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Disclosure: No positions at time of writing.

This entry was posted in Commodity ETFs, Exclusive, Gold, Precious Metals and tagged , , . Bookmark the permalink.

Commodity HQ is not an investment advisor, and any content published by Commodity HQ does not constitute individual investment advice. The opinions offered herein are not personalized recommendations to buy, sell or hold securities or investment assets. Read the full disclaimer here.

5 Responses to “Can You Do Better Than GDX In The Gold Mining Space?”

  1. [...] ETF Alternatives: Besides IAU and GLD, there are two other physical gold ETFs: SGOL holds bullion in Swiss vaults while AGOL stores its gold in Singapore. There are also plenty of options for achieving exposure to gold through stocks of companies that produce and extract the metal; in addition to the ultra-popular GDX, GGGG from Global X offers more of a pure play on gold mining stocks [Can You Do Better Than GDX In The Gold Mining Space?]. [...]

  2. [...] Can You Do Better Thank GDX In The Gold Mining Space? at Commodity HQ: [...]

  3. [...] in Colorado, this company has mining operations across the United States, Australia, Peru, Indonesia, Ghana, New Zealand, and Mexico. This $27 [...]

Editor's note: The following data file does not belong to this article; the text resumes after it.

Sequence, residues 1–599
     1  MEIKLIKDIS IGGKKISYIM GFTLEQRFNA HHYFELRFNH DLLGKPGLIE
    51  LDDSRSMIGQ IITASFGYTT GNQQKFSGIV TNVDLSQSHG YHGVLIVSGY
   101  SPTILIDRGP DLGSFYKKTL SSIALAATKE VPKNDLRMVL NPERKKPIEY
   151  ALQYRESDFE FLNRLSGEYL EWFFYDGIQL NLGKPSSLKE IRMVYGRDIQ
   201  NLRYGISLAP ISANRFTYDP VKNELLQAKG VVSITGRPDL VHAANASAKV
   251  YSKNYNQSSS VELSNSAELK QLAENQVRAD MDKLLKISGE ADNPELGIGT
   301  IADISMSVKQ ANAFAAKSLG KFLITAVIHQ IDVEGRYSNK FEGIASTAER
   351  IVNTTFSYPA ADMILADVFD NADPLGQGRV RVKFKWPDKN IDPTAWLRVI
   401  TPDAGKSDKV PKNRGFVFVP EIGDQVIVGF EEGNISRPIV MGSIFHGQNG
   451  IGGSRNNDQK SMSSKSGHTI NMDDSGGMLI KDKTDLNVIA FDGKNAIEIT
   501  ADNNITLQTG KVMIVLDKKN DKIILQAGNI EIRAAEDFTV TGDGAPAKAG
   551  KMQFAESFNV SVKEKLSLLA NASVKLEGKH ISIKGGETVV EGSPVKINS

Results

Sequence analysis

4. [...] were designed for long-term investors. The problem is, it can be difficult to tell which funds are appropriate for you and your investment strategy. Below, we outline five commodity ETFs that can be useful in certain [...]

  5. [...] Gold finds also focus on individual pieces of gold or nuggets that are found. Back in 1869 in Australia, a nugget that was named the Welcome Stranger was discovered just below the ground”s surface. The nugget measured nearly 2,300 troy ounces, or just above 70 kilograms. For convenience and to protect against such a large nugget being stolen, the Welcome Stranger was broken down into smaller gold pieces. The largest gold nugget in existence today is thought to be the Hand of Faith, which happens to be on display at the Golden Nugget casino in Las Vegas, Nevada. The Hand of Faith measures less than 1,000 troy ounces, or nearly 62 pounds, but still qualifies as a massive single piece of gold and one of the largest that will ever be on display to the public [see also 10 Gold Miners That Pay a Dividend]. [...]